Source Barkley Rosser
Date 99/05/28/18:01

Two points:
1) Apparently there is very hard evidence that for
large numbers of those in the refugee camps there
was a standard sequence of events: a) village or
town shelled, b) door to door visits by Serbian troops
or police or masked paramilitaries ordering the people
to leave within five minutes or be killed (with those refusing
having grenades tossed into their homes), c) males
of certain ages being separated off, in some cases it
is known that some or all of them were killed, in most it
is unknown what happened to them and hopefully most of
them will show up one or another, so to speak, d) the remaining
people being told what route to leave by and where to go,
e) in many cases there homes were destroyed after they
left, f) in many cases their personal papers were destroyed
and they were robbed, g) a lot of other unpleasant personal
stuff has been done to them before they got out finally.
2) Your argument, repeated in this posting, that it is
reasonable for defensive purposes for the Serbians to wish
to create a cordon sanitaire near the borders of Albania and
Macedonia is very reasonable. This is all the more so as
we see increasing evidence of a "stealth" effort to escalate
towards a ground troop invasion from one of those countries
(although Macedonia has declared that it will allow no such
thing). This is a very serious and scary move.
However, this argument does not explain two things:
a) why have people been expelled from areas quite far from
the borders, e.g. from Pristina? b) why were they not moved
in and away from the border rather than totally expelled from
the country?
You have made some very useful and important points that
I have not seen repeated much in these discussions (Lou, you
should put these in your forthcoming history!). One is that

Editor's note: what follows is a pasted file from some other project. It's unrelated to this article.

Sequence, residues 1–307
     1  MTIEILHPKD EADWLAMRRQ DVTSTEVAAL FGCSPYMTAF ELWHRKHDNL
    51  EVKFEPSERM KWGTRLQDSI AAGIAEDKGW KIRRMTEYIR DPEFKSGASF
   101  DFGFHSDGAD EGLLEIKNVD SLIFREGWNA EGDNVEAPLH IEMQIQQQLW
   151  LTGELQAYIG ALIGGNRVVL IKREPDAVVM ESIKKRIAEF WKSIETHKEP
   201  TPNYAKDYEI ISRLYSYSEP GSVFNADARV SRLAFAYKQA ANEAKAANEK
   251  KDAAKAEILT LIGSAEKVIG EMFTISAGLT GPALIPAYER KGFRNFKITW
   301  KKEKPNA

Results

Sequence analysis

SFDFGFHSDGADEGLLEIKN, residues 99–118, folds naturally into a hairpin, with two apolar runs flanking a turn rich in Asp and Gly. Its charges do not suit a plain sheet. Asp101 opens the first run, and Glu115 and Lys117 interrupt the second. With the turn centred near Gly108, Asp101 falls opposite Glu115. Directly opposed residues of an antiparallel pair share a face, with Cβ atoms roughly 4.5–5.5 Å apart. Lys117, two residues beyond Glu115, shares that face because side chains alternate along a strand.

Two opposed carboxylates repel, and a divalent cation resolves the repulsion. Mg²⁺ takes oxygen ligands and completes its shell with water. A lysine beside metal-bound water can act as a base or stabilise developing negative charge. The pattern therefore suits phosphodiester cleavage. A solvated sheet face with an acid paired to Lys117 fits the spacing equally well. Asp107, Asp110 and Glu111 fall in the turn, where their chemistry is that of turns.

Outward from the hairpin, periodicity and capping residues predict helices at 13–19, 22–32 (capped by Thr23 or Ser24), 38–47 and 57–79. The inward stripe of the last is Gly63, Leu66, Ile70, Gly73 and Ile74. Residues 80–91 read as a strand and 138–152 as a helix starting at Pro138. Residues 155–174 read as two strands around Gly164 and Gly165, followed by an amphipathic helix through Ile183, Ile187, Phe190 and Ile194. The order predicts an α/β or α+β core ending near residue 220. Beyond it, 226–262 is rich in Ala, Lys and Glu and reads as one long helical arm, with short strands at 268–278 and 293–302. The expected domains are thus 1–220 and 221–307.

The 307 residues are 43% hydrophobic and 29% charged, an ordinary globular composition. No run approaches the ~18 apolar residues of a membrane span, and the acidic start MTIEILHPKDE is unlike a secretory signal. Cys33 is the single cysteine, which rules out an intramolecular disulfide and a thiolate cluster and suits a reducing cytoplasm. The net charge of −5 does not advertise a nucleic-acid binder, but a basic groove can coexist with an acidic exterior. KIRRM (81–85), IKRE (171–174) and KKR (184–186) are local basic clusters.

the Rugova regime did not respond to the moderate Milan
Panic regime's openings in the early 90s. Their failure to do
so certainly encouraged the return of the hardliners (no names
today) in Belgrade, just as the policies of those hardliners
encouraged the irredentism of the Albanian political leaders.
The other is the failure of NATO to stop the shipment of
arms across the Albanian border more recently. Of course
Albania is not a NATO member and until recently did not have
much in the way of NATO troops. But the failure to make such
an effort and the siding up with the "politically incoherent" (not
to mention corrupt and generally nasty) UCK/KLA at
Rambouillet is something that cannot be defended and certainly
contributed severely to the current awful (and getting worse)
Aside to Lou: Actually the timing of things that I have been
recounting here has been from my memory. I followed these
events closely as they happened and remember full well when
Vukovar was attacked and when the Croats counterattacked
later and drove the Serbs out of Krajina and (eastern) Slavonia.
It was this ground assault that led a certain leader to cut deals
at Dayton, deals that for all their problems are still mostly holding.
It is rather amazing that this war has not spilled over into Bosnia-
Herzegovina, not yet anyway.
To anyone who wants to justify the Serb assaults in both
Bosnia-Herzegovina and in Kosmet: What if in the early 90s
the leader of Russia had decided to a) bomb Lithuania for
seceding from the USSR, b) arm and support Russian
guerrillas in the Crimea to separate from Ukraine and to
force all non-Russians to leave, c) do the same in northern
Kazakhstan, and d) deal with the Chechens by invading
and expelling most of the population forcibly? Would the
appropriate response be to talk about how all of this was
justified by US plots against the USSR, fascist links in the
past by some Baltic and Ukrainian separatists, and the
sexism, clannishness, and high birth rates occurring among
the Muslim Kazakhs and Chechens?
Barkley Rosser

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